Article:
COMMUNITY spirit is needed to get St Andrews’ Byre Theatre back on its feet, writes Joyce McMillan
Through the archway from South Street, across what was once the Abbey Street farmyard, through a sparkle of fairy lights, and in under the beautifully designed roof edged with red Fife pantiles, at exactly the right height to reflect the old domestic architecture of the space. It’s one of my favourite trips of the year, up to St Andrews to see the Christmas show; last year, around this time, I was writing a review of the Byre Theatre’s far-from-conventional version of Snow White, directed by Gordon Barr of Glasgow’s Bard In The Botanics season, and featuring teams of young performers from the Byre youth theatre.
This year, though, there is no panto at the Byre; because this gorgeous state-of-the-art building – easily the most beautiful small theatre in Scotland, opened as recently as 2001 after a £5.5 million lottery-funded rebuilding programme – is dark and closed, and has been since 25 January this year, when the organisation declared itself insolvent, and ceased operations overnight. The reasons for the scale and suddenness of the failure are complex, and include the Scottish Arts Council’s decision, back in 2006, to cease the funding of theatre production at St Andrews, and to ask the theatre to reinvent itself as a receiving house for touring shows.
The truth is, though, that many theatres in Scotland have survived similar decisions, and emerged in good shape. The Brunton Theatre at Musselburgh, now a thriving music, theatre and dance venue with a strong community programme, is an outstanding example; and it’s difficult to avoid the conclusion that there were weaknesses of management and governance, at the Byre, that helped to make a disaster out of what could have been a manageable crisis.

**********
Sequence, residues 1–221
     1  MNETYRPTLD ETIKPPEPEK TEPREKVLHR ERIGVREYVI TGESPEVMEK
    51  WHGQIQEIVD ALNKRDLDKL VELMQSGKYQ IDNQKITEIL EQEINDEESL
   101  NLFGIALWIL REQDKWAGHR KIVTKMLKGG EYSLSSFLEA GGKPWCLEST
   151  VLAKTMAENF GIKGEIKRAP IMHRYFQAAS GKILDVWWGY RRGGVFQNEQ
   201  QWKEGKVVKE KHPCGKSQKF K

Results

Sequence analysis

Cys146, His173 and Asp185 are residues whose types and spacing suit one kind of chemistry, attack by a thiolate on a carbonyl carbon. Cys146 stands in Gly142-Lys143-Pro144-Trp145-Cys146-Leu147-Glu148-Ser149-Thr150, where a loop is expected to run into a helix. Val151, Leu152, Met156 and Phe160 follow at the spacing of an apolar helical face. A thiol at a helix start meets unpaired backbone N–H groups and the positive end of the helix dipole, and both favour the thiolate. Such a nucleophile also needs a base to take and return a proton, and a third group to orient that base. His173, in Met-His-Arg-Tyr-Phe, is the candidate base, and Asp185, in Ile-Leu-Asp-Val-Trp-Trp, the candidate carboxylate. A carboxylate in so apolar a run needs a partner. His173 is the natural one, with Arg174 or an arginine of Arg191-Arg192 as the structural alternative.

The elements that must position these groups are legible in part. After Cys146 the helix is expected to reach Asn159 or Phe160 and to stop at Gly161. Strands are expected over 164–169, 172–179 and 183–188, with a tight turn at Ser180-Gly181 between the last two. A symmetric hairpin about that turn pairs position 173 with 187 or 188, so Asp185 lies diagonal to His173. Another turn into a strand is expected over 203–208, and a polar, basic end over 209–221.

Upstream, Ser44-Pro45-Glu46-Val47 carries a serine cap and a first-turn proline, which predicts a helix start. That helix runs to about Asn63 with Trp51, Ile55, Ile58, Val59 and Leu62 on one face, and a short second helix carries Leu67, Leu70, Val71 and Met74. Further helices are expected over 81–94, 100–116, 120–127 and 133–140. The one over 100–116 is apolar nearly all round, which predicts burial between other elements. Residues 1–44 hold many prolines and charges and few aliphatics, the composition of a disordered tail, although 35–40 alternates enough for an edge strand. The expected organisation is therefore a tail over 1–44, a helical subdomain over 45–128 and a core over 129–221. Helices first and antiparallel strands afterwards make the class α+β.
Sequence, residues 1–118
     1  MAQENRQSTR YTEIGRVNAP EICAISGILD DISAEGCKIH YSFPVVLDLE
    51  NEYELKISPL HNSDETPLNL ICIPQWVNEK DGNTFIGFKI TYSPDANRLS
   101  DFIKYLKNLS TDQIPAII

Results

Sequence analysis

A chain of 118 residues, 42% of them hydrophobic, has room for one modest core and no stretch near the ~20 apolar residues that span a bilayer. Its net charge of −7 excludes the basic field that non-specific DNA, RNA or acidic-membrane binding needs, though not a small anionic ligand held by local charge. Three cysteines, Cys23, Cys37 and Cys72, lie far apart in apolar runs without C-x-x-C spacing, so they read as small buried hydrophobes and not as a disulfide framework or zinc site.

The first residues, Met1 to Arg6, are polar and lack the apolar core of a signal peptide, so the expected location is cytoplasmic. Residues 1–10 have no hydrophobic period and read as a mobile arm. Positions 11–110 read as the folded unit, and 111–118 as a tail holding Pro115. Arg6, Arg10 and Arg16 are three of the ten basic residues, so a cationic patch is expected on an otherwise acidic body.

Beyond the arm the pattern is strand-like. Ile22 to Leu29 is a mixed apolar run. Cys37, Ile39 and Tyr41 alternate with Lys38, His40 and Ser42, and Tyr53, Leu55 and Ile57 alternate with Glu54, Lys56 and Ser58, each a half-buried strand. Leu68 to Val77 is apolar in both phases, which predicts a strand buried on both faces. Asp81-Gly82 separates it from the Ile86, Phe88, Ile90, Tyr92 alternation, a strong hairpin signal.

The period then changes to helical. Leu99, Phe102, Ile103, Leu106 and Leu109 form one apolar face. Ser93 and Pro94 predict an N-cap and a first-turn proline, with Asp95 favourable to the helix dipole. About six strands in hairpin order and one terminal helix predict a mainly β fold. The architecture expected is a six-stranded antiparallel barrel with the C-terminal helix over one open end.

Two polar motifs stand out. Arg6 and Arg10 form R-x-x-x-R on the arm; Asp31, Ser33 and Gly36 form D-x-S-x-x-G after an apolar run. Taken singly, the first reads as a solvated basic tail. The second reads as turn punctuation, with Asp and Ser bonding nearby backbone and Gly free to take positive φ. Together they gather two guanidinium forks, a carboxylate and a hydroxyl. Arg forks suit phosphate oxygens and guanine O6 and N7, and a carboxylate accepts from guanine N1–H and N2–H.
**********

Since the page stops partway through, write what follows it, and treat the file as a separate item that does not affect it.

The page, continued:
If the failure of the Byre raises big questions about the Scottish arts scene’s heavy dependence on the wisdom and expertise of purely voluntary boards, though, it has also exposed a striking lack of urgency among all the official bodies involved, led by Fife Council – which are in the process of transferring the management of their theatres to a new body, Fife Cultural Trust – and Creative Scotland, whose new boss Janet Archer seemed not to have been briefed on the Byre closure when she visited the area a few weeks ago. A meeting in St Andrews in November, attended by more than 100 local activists, was told that Fife Council is willing to commit £250,000 a year in funding for the Byre, and Creative Scotland £100,000 a year for three years; and that a plan is in place to reopen the building temporarily, in Spring 2014, for the town’s two high-profile festivals, the Fife Jazz Festival and the StAnza Poetry Festival. Members of the public were left wondering, though, why those involved are not willing to make similar arrangements for the many community and creative groups who also use the theatre. “You say that the festivals are critically reliant on the Byre,” said a youth theatre leader to Fife Cultural Trust boss Grant Ward . “Well, we are critically reliant on the Byre too!”
Amid all the delay and blame-laying, though, it is perhaps worth remembering the origins of the Byre, back in 1933, as an amateur drama space set up in an old cowshed; and pondering whether the great moving spirit behind the theatre, Alex B Paterson – for whom the main Byre auditorium is named – would not be spinning in his grave at the thought of St Andrews theatre fans sitting around waiting for a bunch of distant bureaucrats to decide when they can reopen a theatre which is, in every important sense, theirs. Occupy the Byre? I could never advocate anything so rash. But Alex Paterson and his friends certainly occupied a byre once, in the interests of St Andrews theatre; and 80 years on, it’s perhaps time to rediscover some of that grassroots creative spirit, and to give the high heid-yins in Dunfermline and Edinburgh a sharp and seasonal panto-style kick in the rear, to roars of applause from the audience.